factual content that allows the Court to draw the reasonable
inference that the Defendant is liable for the misconduct
alleged.” Iqbal, 556 U.S. at 678. Furthermore,
“the plausibility standard is not akin to a
‘probability requirement, ' but it asks for more
than a sheer possibility that a Defendant acted
unlawfully.” Id. This determination is a
“context-specific task that requires the reviewing
Court to draw on its judicial experience and common
initial matter, Plaintiff cannot file an action in federal
court to relitigate matters that were already decided in
state court proceedings. Federal Courts must give the same
preclusive effect to a state-court judgment as that judgment
receives in the state court. 28 U.S.C. § 1738;
Abbott v. Michigan, 474 F.3d 324, 330 (6th Cir.
2007); Young v. Twp. of Green Oak, 471 F.3d 674, 680
(6th Cir. 2006). In other words, if Plaintiff would be barred
from litigating the matter again in state court, she cannot
avoid that procedural bar by filing the action in federal
court instead of state court. This Court must therefore
decide whether Plaintiff's challenge to the validity of
her mortgage would be barred if she had filed this action in
state court. To do that, this Court must apply Ohio's law
on preclusion. Migra v. Warren City School District Board
of Educ.465 U.S. 75, 81 (1984).
Ohio, the doctrine of res judicata encompasses the two
related concepts of claim preclusion and issue preclusion.
State ex rel. Davis v. Pub. Emp. Ret. Bd., 120 Ohio
St.3d 386, 392, 899 N.E.2d 975, 981 (2008). Under claim
preclusion, “a valid, final judgment rendered upon the
merits bars all subsequent actions based upon any claim
arising out of the transaction or occurrence that was the
subject matter of the previous action.” Grava v.
Parkman Twp., 73 Ohio St.3d 379, 382 (1995). The
doctrine of claim preclusion encompasses “all claims
which were or might have been litigated in a first
lawsuit.” Id. By contrast, issue preclusion,
or collateral estoppel, “precludes the relitigation of
an issue that has been actually and necessarily litigated and
determined in a prior action.” MetroHealth Med.
Ctr. v. Hoffman-LaRoche, Inc., 80 Ohio St.3d 212, 217
(1997). Issue preclusion applies when a fact or issue
“(1) was actually and directly litigated in the prior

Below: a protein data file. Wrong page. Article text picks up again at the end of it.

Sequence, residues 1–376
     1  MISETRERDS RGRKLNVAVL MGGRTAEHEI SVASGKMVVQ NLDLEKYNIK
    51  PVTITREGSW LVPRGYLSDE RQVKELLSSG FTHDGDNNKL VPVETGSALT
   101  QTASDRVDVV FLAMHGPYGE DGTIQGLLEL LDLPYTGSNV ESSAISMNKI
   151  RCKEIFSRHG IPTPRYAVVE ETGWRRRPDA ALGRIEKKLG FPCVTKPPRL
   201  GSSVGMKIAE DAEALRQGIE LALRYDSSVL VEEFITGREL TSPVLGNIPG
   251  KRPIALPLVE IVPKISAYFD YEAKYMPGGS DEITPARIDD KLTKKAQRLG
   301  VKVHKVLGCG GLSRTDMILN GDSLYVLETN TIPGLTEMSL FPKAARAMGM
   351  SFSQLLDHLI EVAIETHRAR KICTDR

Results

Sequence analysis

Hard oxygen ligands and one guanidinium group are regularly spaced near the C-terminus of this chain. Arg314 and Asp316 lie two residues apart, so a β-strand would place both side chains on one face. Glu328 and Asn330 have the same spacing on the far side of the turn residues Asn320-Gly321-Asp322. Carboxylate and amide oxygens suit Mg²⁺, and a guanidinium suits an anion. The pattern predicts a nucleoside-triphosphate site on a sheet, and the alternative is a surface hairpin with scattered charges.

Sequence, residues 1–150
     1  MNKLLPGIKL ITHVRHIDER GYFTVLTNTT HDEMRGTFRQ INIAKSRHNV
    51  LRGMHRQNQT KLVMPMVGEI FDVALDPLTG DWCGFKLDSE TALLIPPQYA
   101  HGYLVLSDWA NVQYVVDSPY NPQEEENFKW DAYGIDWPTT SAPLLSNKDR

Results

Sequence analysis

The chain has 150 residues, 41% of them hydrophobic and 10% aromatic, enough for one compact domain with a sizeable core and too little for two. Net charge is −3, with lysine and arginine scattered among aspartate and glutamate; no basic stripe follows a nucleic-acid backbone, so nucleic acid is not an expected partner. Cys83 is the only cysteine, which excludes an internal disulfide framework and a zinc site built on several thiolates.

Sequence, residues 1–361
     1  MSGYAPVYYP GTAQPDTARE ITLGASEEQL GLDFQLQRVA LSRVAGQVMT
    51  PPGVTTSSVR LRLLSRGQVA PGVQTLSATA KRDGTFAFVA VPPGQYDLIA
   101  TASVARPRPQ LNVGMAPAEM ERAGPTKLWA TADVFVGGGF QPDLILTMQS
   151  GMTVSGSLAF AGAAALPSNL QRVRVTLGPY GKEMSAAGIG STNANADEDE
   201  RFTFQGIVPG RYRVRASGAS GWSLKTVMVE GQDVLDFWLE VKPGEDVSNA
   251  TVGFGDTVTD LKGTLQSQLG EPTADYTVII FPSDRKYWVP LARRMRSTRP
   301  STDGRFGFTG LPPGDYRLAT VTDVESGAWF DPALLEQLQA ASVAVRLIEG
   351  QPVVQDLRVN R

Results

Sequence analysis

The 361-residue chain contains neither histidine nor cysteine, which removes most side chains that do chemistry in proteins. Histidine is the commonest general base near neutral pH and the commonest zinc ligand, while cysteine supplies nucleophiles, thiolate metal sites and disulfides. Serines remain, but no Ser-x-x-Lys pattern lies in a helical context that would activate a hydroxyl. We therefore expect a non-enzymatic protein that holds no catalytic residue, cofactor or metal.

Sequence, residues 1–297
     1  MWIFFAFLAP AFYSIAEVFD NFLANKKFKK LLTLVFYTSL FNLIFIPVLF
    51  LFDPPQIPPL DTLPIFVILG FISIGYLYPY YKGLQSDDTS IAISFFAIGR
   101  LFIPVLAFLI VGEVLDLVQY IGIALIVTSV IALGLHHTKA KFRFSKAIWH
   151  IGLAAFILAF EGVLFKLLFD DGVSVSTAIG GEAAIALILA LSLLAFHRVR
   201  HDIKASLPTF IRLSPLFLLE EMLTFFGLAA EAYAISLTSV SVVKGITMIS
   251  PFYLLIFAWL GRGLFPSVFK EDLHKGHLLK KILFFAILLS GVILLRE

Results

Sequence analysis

action; (2) was passed upon and determined by a court of
competent jurisdiction; and (3) when the party against whom
[issue preclusion] is asserted was a party in privity with a
party to the prior action.” Thompson v. Wing,
70 Ohio St.3d 176, 183 (1994).
case, issue preclusion would apply to bar Plaintiff from
litigating the validity of her mortgage. Plaintiff asserted
her theory for relief from the mortgage obligation to the
state court and the court rejected it. They necessarily
decided the mortgage was valid and the debt was owed, when
they granted summary judgment in favor of Third Federal. This
Court must give full faith and credit to that state court
judgment. Plaintiff is barred by the doctrine of res judicata
from relitigating that issue in federal court.
addition, even if this action was not barred, Plaintiff has
not stated a viable federal cause of action. Plaintiff
indicates she is bringing this case under Title VII and 42
U.S.C. § 1983. Title VII applies to employment
discrimination, which is not at issue here. She fails to
state a claim for relief under Title VII.
establish a prima facie case under 42 U.S.C. § 1983,
Plaintiff must assert that a person acting under color of
state law deprived her of rights, privileges, or immunities
secured by the Constitution or laws of the United States.
Parratt v. Taylor,451 U.S. 527, 535 (1981).
Generally, to be considered to have acted “under color
of state law, ” the Defendant must be a state or local
government official or employee. Benjamin Hoen and Third
Federal are private parties, not government entities or
officials. A private party may be found to have acted under
color of state law to establish the first element of this
cause of action only when the party “acted together
with or obtained significant aid from state officials”
and did so to such a degree that its actions may properly be
characterized as “state action.” Lugar v.
Edmondson Oil Co.,457 U.S. 922, 937 (1982). An
individual may also be considered a state actor if he or she
exercises powers traditionally reserved to a state.
Jackson v. Metropolitan Edison Co., 419 ...